Event Title

Examining the Diversity and Origin of Bacteria on South Carolina Oceanic Beaches

Poster Number

39

Faculty Mentor

Victoria Frost, Ph.D., and Matthew Heard, Ph.D.

College

College of Arts and Sciences

Department

Department of Biology

Location

Richardson Ballroom

Start Date

21-4-2017 2:15 PM

Description

Oceanic beaches are dynamic ecosystems that are home to many different types of microbial species. While most of these bacterial species are not pathogenic to humans, there are some that are of public health concern. As such, these environments are monitored for microbes that may cause disease and illness. The one problem with this approach is that it is difficult to identify and track all species. Therefore, monitoring agencies usually focus on either common pathogens or bacteria that are associated with fecal pollution (Fecal Indicator Bacteria; FIBs). In this study, we assessed bacteria levels for one common pathogen (Staphylococcus aureus) as well as two common FIBs (Escherichia coli and Enterococcus spp.) on three oceanic beaches in South Carolina. These beaches were selected for study because recent research in this area has shown that FIBs may be more commonly found in beach sand than previously thought. In addition, and to help better understand where these bacteria are coming from on these beaches, we also used the molecular technique of phylo-grouping to identify potential sources of Escherichia coli. Using this approach, we determined that all three microbial taxa we looked for were present at all study sites, but that there was no significant difference for their distribution patterns. Additionally, we found that likely sources of Escherichia coli included humans, wild animals, and domesticated animals. Collectively, these findings indicate that pathogens and FIBs may commonly persist on oceanic beaches, but more work is needed to determine if this is of public health concern.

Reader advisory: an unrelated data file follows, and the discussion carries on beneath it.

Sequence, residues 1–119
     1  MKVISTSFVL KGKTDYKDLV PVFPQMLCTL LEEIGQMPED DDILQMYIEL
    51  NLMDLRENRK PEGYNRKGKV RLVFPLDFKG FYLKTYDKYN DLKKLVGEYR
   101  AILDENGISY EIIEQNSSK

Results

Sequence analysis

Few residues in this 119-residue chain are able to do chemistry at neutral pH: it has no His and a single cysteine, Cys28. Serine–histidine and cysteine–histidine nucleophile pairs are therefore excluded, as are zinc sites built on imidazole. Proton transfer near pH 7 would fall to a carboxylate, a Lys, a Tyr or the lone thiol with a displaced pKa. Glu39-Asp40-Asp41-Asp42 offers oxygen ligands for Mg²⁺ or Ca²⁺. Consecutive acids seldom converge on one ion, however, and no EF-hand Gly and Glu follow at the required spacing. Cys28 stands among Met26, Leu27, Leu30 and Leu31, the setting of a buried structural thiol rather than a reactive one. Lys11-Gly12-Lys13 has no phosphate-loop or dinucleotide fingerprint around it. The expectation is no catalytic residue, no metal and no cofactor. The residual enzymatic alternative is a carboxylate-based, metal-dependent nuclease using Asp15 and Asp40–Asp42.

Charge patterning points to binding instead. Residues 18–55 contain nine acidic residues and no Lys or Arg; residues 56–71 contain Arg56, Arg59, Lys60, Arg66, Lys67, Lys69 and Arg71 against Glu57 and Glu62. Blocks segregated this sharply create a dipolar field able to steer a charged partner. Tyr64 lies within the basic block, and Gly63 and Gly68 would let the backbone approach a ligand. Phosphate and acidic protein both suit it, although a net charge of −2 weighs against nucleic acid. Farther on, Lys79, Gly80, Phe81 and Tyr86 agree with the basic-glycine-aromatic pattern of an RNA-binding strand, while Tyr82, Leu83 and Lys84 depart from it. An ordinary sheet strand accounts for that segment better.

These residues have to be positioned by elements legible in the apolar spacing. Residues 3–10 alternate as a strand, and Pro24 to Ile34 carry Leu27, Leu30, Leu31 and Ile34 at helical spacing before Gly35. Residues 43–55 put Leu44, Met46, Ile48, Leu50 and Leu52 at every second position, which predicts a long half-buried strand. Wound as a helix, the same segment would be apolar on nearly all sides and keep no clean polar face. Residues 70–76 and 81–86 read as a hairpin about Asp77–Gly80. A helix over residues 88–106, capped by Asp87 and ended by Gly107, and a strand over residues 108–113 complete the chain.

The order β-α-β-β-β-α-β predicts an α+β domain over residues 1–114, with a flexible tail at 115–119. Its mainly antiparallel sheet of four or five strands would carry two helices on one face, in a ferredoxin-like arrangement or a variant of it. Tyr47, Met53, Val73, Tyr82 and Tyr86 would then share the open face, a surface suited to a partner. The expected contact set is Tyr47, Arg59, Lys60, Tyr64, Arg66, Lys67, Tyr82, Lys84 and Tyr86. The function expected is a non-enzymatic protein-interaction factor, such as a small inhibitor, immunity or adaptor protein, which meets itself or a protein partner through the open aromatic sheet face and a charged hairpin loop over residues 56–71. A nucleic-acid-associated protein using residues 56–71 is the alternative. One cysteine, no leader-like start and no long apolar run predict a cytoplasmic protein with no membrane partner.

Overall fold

Previously Presented/Performed?

Summer Undergraduate Research Experience (SURE) Symposium, Winthrop University, July 2016

Grant Support?

Supported by a grant from the National Institutes of Health IDeA Networks for Biomedical Research Excellence (NIH-INBRE)

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Apr 21st, 2:15 PM

Examining the Diversity and Origin of Bacteria on South Carolina Oceanic Beaches

Richardson Ballroom

Oceanic beaches are dynamic ecosystems that are home to many different types of microbial species. While most of these bacterial species are not pathogenic to humans, there are some that are of public health concern. As such, these environments are monitored for microbes that may cause disease and illness. The one problem with this approach is that it is difficult to identify and track all species. Therefore, monitoring agencies usually focus on either common pathogens or bacteria that are associated with fecal pollution (Fecal Indicator Bacteria; FIBs). In this study, we assessed bacteria levels for one common pathogen (Staphylococcus aureus) as well as two common FIBs (Escherichia coli and Enterococcus spp.) on three oceanic beaches in South Carolina. These beaches were selected for study because recent research in this area has shown that FIBs may be more commonly found in beach sand than previously thought. In addition, and to help better understand where these bacteria are coming from on these beaches, we also used the molecular technique of phylo-grouping to identify potential sources of Escherichia coli. Using this approach, we determined that all three microbial taxa we looked for were present at all study sites, but that there was no significant difference for their distribution patterns. Additionally, we found that likely sources of Escherichia coli included humans, wild animals, and domesticated animals. Collectively, these findings indicate that pathogens and FIBs may commonly persist on oceanic beaches, but more work is needed to determine if this is of public health concern.